The Moon in conjunction with Venus and Jupiter, with the Very Large Telescope in the foreground. Image © Y. Beletsky, ESO, 2009.

Lunar occultation of Mercury

Dominic Ford, Editor
From the Lunar Occultations feed

Objects: Mercury

The Moon will pass in front of Mercury, creating a lunar occultation visible from countries and territories including Canada, western Russia, Greenland and Alaska amongst others. Although the occultation will only be visible across part of the world – because the Moon is so close to the Earth that its position in the sky varies by as much as two degrees across the world – a close conjunction between the pair will be more widely visible.

Unfortunately the occultation will not be visible from Ashburn, though it will be visible from western parts of the Contiguous United States.

The map below shows the visibility of the occultation across the world. Separate contours show where the disappearance of Mercury is visible (shown in red), and where its reappearance is visible (shown in blue). Solid contours show where each event is likely to be visible through binoculars at a reasonable altitude in the sky. Dotted contours indicate where each event occurs above the horizon, but may not be visible due to the sky being too bright or the Moon being very close to the horizon.

Map showing where the occultation is visible

Outside the contours, the Moon will not pass in front of Mercury at any time, or is below the horizon at the time of the occultation. However, a close conjunction between the pair will be visible across much of the world.

The map can be downloaded in PNG , PDF or SVG format. A KMZ file , is also available, which can be opened in Google Earth to provide a higher resolution map.

The animation below shows the path of the occultation across the Earth's globe. The red circle shows where the Moon appears in front of Mercury.

You can download this video in MP4 or OGG format.

A complete list of the countries and territories where the occultation will be visible is as follows:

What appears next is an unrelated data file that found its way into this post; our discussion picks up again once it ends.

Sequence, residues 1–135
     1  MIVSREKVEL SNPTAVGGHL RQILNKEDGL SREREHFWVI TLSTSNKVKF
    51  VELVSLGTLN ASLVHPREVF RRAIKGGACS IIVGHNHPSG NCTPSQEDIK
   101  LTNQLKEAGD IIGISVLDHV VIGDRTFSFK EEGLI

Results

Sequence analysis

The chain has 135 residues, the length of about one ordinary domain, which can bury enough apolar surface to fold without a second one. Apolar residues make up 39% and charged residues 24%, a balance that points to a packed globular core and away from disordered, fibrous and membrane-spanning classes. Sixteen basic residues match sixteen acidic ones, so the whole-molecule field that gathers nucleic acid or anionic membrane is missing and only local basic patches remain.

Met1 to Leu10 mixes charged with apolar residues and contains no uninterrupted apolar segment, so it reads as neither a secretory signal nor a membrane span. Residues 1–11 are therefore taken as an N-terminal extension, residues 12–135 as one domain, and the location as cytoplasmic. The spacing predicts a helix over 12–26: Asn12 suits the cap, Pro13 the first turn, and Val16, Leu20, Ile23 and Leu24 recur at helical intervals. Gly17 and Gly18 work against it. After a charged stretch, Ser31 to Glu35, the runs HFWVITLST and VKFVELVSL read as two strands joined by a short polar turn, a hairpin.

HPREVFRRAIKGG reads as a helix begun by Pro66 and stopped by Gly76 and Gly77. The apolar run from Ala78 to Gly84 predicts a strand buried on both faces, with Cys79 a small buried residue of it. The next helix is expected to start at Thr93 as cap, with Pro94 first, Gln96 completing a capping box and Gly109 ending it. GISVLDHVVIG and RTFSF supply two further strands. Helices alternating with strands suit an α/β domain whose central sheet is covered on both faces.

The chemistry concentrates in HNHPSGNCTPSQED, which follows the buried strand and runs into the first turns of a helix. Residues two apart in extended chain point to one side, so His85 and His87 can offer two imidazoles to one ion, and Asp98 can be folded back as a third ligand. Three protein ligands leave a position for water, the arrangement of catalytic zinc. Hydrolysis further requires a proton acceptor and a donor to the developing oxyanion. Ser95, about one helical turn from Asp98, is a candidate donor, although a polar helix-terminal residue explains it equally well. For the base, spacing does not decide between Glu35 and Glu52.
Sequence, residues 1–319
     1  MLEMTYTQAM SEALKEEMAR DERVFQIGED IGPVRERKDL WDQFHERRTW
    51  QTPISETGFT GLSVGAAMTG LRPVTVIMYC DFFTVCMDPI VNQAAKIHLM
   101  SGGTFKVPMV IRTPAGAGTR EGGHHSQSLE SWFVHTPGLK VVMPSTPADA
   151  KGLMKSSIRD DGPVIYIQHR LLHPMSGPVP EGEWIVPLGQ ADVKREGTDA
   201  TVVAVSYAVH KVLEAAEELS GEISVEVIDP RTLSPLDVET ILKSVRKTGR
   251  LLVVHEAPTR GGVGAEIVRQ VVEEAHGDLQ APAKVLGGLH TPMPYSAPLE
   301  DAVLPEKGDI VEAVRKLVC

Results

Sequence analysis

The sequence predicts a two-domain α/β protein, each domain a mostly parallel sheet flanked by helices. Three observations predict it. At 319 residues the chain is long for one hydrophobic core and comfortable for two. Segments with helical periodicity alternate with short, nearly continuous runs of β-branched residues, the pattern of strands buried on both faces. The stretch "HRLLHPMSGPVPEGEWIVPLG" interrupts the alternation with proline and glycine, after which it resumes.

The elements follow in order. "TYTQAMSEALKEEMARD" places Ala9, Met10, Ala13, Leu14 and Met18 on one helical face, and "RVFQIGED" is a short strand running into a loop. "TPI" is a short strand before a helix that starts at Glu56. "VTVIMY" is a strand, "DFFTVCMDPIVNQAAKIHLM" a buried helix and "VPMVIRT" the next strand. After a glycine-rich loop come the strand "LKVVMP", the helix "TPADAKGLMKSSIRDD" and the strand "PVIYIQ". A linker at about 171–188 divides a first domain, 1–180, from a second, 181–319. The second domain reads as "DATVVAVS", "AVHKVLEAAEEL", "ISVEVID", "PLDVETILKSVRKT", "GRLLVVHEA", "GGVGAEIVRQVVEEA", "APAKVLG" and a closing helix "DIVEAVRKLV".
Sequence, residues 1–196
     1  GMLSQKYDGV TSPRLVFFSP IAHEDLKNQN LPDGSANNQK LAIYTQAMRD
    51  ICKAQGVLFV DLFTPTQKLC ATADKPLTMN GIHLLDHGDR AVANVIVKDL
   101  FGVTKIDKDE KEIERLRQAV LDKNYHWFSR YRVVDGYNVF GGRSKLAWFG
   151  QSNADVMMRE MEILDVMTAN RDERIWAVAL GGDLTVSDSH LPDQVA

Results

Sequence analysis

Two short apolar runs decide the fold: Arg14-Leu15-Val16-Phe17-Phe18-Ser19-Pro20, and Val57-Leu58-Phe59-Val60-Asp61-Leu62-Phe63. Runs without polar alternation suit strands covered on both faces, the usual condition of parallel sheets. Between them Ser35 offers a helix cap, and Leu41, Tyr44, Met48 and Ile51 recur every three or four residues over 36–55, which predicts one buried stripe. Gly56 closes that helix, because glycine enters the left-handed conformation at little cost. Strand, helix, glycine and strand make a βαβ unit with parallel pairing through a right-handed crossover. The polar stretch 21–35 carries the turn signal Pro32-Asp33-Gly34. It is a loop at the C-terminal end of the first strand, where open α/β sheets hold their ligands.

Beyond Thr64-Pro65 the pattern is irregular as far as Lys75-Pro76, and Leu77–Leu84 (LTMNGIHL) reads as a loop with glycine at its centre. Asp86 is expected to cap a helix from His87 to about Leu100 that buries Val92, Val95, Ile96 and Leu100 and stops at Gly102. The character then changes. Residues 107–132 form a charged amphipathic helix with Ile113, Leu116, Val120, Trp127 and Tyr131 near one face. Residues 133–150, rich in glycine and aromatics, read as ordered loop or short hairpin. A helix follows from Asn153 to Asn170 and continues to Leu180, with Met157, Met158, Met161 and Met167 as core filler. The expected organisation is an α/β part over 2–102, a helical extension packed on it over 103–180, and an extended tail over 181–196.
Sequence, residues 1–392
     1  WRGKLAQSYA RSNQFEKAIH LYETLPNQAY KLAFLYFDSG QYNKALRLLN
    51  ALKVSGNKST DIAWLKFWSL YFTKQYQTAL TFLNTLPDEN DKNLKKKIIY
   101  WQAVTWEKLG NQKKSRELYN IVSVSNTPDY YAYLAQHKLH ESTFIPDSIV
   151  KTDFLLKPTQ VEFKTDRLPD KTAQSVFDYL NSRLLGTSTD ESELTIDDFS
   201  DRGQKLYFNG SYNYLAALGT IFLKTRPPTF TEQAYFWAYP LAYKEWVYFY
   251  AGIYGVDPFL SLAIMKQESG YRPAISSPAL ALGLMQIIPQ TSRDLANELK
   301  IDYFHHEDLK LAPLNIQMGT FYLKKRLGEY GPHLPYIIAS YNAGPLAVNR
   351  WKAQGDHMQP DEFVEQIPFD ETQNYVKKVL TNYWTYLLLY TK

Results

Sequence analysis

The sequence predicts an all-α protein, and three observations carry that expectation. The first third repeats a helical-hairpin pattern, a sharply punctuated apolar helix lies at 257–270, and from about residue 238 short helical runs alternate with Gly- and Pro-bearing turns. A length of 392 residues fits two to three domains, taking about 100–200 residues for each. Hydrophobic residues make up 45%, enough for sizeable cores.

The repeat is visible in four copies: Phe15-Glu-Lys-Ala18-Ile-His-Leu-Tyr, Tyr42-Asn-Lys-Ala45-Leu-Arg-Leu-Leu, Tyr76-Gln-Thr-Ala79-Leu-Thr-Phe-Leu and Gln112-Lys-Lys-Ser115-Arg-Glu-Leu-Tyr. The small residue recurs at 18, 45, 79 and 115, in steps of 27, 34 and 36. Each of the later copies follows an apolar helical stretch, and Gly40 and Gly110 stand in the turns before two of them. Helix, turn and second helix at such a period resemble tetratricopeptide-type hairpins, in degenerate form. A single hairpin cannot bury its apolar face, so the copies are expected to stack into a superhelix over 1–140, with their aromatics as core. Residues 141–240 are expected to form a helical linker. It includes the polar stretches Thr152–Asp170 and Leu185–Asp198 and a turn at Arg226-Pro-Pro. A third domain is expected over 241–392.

Country Time span
Canada 13:39–04:37
Russia 21:03–22:05
Greenland 02:08–20:33
Alaska 13:39–04:19
Finland 20:54–05:13
Sweden 21:03–05:16
The Contiguous United States 14:03–04:43
Norway 21:09–05:10
Kazakhstan 21:04–18:35
Svalbard 03:00–20:27
Estonia 02:44–05:18
Latvia 02:37–05:21
Belarus 02:47–05:31
Aland Islands 18:48–05:12
Svalbard and Jan Mayen 02:53–20:17

Lunar occultations are only ever visible from a small fraction of the Earth's surface. Since the Moon is much closer to the Earth than other celestial objects, its exact position in the sky differs depending on your exact location on Earth due to its large parallax. The position of the Moon as seen from two points on opposite sides of the Earth varies by up to two degrees, or four times the diameter of the full moon.

This means that if the Moon is aligned to pass in front of a particular object for an observer on one side of the Earth, it will appear up to two degrees away from that object on the other side of the Earth.

The position of Mercury at the moment of the occultation will be as follows:

Object Right Ascension Declination Constellation Magnitude Angular Size
Mercury 06h40m00s 22°23'N Gemini -0.7 0'06"

The coordinates above are given in J2000.0.

Next/previous occultations

« Previous Next »
Visible from the Contiguous United States Worldwide Worldwide Visible from the Contiguous United States
09 Jun 1983 29 Jul 2000 Occultations of Mercury 25 Nov 2003 03 Nov 2021
17 Jul 2001 17 Jul 2001 Occultations 14 Aug 2001 15 Aug 2001

The sky on 24 Sep 2023

The sky on 24 September 2023
Twilight ends
Twilight begins

9-day old moon
Waxing Gibbous


9 days old

Rise Culm. Set
Mercury 05:29 11:57 18:25
Venus 03:37 10:17 16:58
Moon 16:32 21:11 01:56
Mars 08:22 14:03 19:44
Jupiter 20:55 03:48 10:41
Saturn 17:50 23:11 04:33
All times shown in EDT.


The circumstances of this event were computed using the DE430 planetary ephemeris published by the Jet Propulsion Laboratory (JPL).

This event was automatically generated by searching the ephemeris for planetary alignments which are of interest to amateur astronomers, and the text above was generated based on an estimate of your location.

Related news

14 Jul 2001  –  Mercury at highest altitude in morning sky
07 Sep 2001  –  Mercury at highest altitude in evening sky
18 Sep 2001  –  Mercury at greatest elongation east
29 Oct 2001  –  Mercury at highest altitude in morning sky

Image credit

The Moon in conjunction with Venus and Jupiter, with the Very Large Telescope in the foreground. Image © Y. Beletsky, ESO, 2009.





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